The pension schemes’ letter read in full: “We do not think the FCA’s proposed reforms to the UK listings regime will lead to the healthy capital markets we all want.
“We believe that they would in fact exacerbate the current issues by making UK-listed companies less attractive to the kinds of well-informed, long-term investors that our portfolio companies – including several that are looking to list in the next few years – tell us and our managers they are looking for.
“The current proposals would roll back fundamental investor protections, such as the right to a shareholder vote on both significant and related party transactions, as well as the equal voting rights that serve as the foundation of a fair and democratic capitalist system.
“Diluting these important shareholder rights mean that investors would find it more challenging to act as effective stewards of their assets. It would also diminish the UK’s reputation and attractiveness as the world’s ‘quality’ market, and its role as a beacon for high corporate governance standards and robust investor protections.
“Many of us have previously welcomed FCA and other UK policy efforts to support investors in undertaking robust stewardship in members’ best interests. We agreed with policymakers that thoughtful stewardship on material factors is a fundamental ingredient in supporting companies that are well-placed to perform over the long term.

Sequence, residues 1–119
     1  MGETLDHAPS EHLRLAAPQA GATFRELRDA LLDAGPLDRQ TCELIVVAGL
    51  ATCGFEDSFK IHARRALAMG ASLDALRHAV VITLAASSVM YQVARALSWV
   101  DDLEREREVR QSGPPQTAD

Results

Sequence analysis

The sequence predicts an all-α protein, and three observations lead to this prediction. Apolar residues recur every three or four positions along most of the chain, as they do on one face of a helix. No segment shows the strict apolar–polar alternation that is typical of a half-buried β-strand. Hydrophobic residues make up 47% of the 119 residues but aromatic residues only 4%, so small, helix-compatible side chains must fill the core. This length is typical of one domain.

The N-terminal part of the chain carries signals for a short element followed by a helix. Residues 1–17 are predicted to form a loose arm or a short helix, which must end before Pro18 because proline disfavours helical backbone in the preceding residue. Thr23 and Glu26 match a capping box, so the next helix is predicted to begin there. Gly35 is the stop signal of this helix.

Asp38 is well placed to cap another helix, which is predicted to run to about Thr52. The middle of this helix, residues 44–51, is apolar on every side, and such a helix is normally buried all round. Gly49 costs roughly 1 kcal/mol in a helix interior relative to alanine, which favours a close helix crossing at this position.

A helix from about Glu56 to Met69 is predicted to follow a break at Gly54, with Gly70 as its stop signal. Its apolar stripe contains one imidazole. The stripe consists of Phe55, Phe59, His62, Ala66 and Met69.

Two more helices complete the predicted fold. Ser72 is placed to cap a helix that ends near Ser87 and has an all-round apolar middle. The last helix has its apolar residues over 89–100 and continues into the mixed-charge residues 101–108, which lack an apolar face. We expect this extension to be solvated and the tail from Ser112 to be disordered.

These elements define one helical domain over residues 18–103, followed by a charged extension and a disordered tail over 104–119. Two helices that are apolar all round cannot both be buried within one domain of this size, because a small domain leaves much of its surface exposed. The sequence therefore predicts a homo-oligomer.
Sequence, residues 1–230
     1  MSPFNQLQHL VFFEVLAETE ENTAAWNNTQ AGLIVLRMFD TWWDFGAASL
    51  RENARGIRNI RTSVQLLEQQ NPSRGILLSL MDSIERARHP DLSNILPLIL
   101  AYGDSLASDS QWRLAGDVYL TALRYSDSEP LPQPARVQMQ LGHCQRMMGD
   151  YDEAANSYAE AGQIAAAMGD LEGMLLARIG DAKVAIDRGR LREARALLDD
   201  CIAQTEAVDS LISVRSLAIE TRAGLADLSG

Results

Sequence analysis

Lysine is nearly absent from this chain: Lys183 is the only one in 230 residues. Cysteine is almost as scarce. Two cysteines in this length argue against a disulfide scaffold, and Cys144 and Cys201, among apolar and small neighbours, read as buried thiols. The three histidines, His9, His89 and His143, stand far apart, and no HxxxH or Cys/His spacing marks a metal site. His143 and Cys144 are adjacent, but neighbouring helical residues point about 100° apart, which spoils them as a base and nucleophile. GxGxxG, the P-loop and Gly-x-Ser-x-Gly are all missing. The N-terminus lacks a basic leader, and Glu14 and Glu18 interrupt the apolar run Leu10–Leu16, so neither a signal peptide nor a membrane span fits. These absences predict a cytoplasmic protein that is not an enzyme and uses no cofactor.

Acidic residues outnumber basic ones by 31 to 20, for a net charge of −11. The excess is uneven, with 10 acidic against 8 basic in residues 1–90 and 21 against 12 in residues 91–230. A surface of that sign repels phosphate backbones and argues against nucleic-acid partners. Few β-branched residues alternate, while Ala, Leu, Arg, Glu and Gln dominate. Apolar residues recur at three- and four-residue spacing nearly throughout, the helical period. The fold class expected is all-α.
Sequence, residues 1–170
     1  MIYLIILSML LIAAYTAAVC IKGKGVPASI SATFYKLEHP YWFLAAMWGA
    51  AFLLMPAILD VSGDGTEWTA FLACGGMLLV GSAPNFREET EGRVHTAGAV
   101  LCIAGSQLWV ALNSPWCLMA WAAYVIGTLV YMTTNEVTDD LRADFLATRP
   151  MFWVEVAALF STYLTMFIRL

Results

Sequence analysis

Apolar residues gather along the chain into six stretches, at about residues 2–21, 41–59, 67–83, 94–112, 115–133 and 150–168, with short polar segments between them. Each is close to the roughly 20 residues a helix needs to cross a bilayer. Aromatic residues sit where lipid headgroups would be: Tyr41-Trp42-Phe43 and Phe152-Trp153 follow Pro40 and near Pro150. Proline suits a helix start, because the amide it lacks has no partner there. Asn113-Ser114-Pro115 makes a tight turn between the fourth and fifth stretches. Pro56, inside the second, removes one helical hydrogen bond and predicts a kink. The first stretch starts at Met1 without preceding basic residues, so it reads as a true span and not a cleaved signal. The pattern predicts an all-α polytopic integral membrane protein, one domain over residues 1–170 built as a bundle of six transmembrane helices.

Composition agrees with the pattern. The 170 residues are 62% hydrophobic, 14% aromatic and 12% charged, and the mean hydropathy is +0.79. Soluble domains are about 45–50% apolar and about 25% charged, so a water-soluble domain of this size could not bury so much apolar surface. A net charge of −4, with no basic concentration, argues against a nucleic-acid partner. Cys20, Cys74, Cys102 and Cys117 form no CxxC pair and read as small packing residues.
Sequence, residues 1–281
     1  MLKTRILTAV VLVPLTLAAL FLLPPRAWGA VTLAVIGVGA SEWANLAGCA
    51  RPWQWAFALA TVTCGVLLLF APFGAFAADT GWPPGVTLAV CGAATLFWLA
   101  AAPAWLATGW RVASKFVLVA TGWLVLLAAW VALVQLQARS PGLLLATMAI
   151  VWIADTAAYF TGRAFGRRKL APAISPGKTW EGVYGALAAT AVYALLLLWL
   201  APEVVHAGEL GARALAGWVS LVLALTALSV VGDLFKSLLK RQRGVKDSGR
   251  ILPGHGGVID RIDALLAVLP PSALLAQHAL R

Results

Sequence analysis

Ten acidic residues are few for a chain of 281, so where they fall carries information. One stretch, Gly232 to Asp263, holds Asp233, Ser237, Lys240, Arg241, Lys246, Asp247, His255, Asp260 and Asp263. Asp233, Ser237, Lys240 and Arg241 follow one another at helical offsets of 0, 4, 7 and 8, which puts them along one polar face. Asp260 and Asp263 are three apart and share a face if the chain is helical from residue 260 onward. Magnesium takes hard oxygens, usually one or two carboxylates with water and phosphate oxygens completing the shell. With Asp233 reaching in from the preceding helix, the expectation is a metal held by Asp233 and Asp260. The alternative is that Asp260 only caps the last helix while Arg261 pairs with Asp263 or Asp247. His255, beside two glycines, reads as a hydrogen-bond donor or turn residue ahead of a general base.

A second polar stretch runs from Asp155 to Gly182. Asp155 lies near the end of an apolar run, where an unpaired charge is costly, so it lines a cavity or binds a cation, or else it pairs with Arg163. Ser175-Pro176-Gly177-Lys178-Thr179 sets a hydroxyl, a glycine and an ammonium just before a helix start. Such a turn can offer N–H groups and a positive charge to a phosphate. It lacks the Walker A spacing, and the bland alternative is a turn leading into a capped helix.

“Yet these latest policy discussions risk undoing much of the progress achieved, fundamentally reducing shareholder protections in a way that would ultimately leave scheme members exposed to more significant risks and higher costs.
“The discussions many of us have had with portfolio companies, IPO advisers and our managers indicate that innovative companies are primarily looking for fair valuations, a stable policy, economic and political environment, and a deep, liquid pool of thoughtful and long-term domestic and international capital.
“We believe that policymakers should instead seek to implement measures in these fundamental areas that will attract both the companies and the investors that are important for healthy capital markets.
“We are responsible for the retirement outcomes of millions of British citizens who work and live in the UK. We naturally want to see the UK continue to thrive as a global financial centre.
“However, we do not think that the changes proposed will solve the fundamental issues affecting our equity markets.
“Rather, we think that they will amplify the current challenges as well as leading to worse outcomes for our members.
“We also do not believe that policymakers have provided the necessary evidence to support yet further changes to the UK listings regime (taking place only 18 months after the previous changes were implemented).
“We look forward to a broad and evidence-based policy discussion that includes, and listens to, voices from across the entire capital markets ecosystem.
“This discussion should include serious consideration of the asset owner perspective, given our role at the top of the investment chain and close alignment of interests with those of our members.”
The UK’s Investment Association (IA), the trade body for UK investment managers that manage £10 trillion of assets, said it welcomes the FCA’s new blueprint for “significant reform and changes to the current listing rules to bolster UK competitiveness, while maintaining high standards of disclosure and transparency.”
The IA said it is concerned about the decline in new firms choosing to list in London and said “overly restrictive listing requirements have acted as one of several reasons why some companies have listed elsewhere.”
The IA said it supports many of the clear proposals put forward within the consultation, including the proposal to replace standard and premium listing share categories with a single segment for commercial company issuers of equity shares.